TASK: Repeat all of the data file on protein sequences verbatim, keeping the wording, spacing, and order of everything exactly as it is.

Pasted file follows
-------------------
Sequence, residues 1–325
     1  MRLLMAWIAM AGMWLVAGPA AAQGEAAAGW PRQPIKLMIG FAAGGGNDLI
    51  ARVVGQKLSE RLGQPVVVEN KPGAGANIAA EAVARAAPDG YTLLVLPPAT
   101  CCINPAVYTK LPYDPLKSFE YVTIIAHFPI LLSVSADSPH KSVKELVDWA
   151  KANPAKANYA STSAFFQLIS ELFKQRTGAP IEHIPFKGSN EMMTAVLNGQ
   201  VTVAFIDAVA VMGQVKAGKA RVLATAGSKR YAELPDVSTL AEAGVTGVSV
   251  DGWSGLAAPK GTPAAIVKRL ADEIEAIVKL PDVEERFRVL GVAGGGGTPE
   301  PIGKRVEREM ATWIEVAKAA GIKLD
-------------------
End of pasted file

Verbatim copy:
Sequence, residues 1–325
     1  MRLLMAWIAM AGMWLVAGPA AAQGEAAAGW PRQPIKLMIG FAAGGGNDLI
    51  ARVVGQKLSE RLGQPVVVEN KPGAGANIAA EAVARAAPDG YTLLVLPPAT
   101  CCINPAVYTK LPYDPLKSFE YVTIIAHFPI LLSVSADSPH KSVKELVDWA
   151  KANPAKANYA STSAFFQLIS ELFKQRTGAP IEHIPFKGSN EMMTAVLNGQ
   201  VTVAFIDAVA VMGQVKAGKA RVLATAGSKR YAELPDVSTL AEAGVTGVSV
   251  DGWSGLAAPK GTPAAIVKRL ADEIEAIVKL PDVEERFRVL GVAGGGGTPE
   301  PIGKRVEREM ATWIEVAKAA GIKLD